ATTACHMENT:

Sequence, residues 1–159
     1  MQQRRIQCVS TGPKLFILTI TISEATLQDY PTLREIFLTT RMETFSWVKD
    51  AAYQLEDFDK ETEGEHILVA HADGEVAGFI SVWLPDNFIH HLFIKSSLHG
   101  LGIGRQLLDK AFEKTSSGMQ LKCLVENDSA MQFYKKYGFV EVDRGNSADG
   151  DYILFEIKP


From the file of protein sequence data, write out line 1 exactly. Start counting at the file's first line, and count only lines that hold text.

Sequence, residues 1–159